potm

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Re: Australian Investing Thread
« Reply #287 on: October 18, 2014, 03:58:49 AM »
But just to clarify - can I sell my shares a few days after the ex-dividend date, and still get paid the dividends a month or so later, even though I'm not holding the shares anymore on the pay date?

Yes, you can sell on ex dividend date or after and get the dividend.

deborah

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Re: Australian Investing Thread
« Reply #288 on: October 18, 2014, 04:46:24 AM »
But just to clarify - can I sell my shares a few days after the ex-dividend date, and still get paid the dividends a month or so later, even though I'm not holding the shares anymore on the pay date?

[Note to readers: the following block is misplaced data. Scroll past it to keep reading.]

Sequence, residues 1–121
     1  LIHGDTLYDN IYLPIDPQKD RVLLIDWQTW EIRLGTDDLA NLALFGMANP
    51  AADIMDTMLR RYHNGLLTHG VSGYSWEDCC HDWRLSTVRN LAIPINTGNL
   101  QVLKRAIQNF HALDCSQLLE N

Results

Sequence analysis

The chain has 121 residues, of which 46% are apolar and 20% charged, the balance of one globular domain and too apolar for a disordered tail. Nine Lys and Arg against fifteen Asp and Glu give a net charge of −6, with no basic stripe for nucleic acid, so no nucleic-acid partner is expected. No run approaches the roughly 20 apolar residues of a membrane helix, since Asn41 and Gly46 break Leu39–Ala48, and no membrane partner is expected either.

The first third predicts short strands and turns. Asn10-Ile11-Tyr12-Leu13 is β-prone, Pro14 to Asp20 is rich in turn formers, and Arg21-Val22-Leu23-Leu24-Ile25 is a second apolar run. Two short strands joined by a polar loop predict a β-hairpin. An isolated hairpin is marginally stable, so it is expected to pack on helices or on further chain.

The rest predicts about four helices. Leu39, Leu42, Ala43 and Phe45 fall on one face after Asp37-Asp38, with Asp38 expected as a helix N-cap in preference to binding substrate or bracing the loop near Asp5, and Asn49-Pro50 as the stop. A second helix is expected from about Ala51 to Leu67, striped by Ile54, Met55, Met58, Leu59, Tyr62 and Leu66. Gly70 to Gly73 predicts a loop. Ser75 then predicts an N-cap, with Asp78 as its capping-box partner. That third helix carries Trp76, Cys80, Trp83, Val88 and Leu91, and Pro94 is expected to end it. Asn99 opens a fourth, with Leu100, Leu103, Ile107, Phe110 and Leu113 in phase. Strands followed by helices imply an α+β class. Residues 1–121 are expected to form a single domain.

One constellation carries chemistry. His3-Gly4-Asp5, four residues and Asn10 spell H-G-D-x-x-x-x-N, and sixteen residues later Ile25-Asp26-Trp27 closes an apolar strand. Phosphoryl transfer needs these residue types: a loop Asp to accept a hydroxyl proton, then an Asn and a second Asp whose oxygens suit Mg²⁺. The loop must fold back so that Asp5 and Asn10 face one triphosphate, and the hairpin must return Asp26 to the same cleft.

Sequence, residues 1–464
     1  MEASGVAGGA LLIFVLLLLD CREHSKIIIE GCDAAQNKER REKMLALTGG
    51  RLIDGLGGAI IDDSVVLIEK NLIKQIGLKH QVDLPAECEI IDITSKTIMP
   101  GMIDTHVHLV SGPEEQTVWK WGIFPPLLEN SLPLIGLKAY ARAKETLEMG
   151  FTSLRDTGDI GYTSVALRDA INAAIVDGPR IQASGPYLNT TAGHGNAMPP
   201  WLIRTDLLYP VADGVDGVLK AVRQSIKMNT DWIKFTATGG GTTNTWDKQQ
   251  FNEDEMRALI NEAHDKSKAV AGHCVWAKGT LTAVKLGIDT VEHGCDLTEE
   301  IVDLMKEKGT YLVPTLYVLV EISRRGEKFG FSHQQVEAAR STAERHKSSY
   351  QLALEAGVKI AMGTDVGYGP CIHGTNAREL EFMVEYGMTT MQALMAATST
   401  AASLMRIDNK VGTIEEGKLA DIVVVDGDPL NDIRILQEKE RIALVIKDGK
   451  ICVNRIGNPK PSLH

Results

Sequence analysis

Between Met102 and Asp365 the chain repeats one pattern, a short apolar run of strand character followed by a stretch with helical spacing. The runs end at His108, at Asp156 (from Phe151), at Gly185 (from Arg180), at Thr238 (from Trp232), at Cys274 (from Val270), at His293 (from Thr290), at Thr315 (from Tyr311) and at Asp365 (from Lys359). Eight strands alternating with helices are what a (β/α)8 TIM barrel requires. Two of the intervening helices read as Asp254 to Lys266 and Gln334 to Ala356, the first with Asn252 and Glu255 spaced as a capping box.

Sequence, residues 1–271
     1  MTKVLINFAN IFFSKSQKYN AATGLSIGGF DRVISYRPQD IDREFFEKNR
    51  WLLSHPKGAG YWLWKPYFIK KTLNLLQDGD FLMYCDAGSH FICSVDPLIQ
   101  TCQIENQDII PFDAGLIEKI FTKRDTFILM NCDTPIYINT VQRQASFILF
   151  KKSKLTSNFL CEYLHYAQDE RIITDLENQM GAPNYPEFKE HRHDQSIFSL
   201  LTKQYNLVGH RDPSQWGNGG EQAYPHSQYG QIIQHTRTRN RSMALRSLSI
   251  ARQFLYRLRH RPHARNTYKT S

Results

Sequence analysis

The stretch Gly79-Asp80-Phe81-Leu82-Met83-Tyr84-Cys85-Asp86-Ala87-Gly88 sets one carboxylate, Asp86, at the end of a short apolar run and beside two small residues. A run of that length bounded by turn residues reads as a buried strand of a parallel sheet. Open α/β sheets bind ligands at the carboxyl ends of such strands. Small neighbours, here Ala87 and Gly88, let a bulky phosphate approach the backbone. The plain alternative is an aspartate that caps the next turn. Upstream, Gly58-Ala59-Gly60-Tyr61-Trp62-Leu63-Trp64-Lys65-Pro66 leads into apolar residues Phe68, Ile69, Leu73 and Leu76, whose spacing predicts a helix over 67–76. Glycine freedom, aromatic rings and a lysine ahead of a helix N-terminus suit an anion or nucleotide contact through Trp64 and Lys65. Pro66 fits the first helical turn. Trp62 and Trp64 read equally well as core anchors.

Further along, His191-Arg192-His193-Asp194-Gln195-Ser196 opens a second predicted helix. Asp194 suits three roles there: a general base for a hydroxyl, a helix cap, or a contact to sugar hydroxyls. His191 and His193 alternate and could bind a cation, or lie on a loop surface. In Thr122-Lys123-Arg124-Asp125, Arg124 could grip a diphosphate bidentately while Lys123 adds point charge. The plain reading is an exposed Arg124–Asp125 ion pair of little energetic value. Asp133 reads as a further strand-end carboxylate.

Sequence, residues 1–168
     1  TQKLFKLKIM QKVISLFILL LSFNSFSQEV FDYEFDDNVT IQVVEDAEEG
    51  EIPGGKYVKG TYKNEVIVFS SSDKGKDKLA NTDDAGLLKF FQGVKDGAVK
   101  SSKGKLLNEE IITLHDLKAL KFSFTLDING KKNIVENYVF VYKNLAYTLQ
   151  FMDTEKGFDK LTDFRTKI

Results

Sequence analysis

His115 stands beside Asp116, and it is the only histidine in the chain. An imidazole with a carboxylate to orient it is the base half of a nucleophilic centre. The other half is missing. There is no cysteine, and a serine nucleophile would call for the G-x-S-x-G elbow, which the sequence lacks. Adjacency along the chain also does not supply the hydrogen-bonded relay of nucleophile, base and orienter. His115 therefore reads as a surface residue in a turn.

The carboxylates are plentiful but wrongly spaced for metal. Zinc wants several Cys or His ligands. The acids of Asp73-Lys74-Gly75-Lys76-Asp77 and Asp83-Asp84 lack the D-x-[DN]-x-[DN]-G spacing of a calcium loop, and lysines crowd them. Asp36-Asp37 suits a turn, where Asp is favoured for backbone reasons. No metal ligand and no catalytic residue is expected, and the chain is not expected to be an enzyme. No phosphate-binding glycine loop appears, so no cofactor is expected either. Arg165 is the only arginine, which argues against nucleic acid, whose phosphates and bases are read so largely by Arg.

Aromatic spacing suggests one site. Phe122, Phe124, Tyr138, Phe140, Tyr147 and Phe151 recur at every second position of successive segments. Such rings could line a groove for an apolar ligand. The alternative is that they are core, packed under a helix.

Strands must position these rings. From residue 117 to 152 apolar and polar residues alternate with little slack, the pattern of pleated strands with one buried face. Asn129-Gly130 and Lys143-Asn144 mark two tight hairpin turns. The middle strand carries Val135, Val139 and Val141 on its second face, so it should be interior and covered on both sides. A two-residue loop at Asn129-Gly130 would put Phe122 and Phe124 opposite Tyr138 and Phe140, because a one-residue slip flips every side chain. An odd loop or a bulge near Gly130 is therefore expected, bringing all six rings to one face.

Yes, you can sell on ex dividend date or after and get the dividend.
You just need to make sure you are getting the shares you want - companies will have two different prices on the stock exchange during the period when both are available - one with the dividend and one without. These are usually actually the same price if you subtract the dividend itself.



potm

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Re: Australian Investing Thread
« Reply #289 on: October 18, 2014, 07:00:49 AM »
You're talking about dividend washing, which isn't relevant for AustralianMustachio and has been disallowed by the ATO.


deborah

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Re: Australian Investing Thread
« Reply #290 on: October 18, 2014, 01:13:41 PM »
You're talking about dividend washing, which isn't relevant for AustralianMustachio and has been disallowed by the ATO.
Yes - that's it's name - but I was saying it only works because shares are available both dividend and exdividend at the same time, and he was asking about the availability of dividends.



potm

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Re: Australian Investing Thread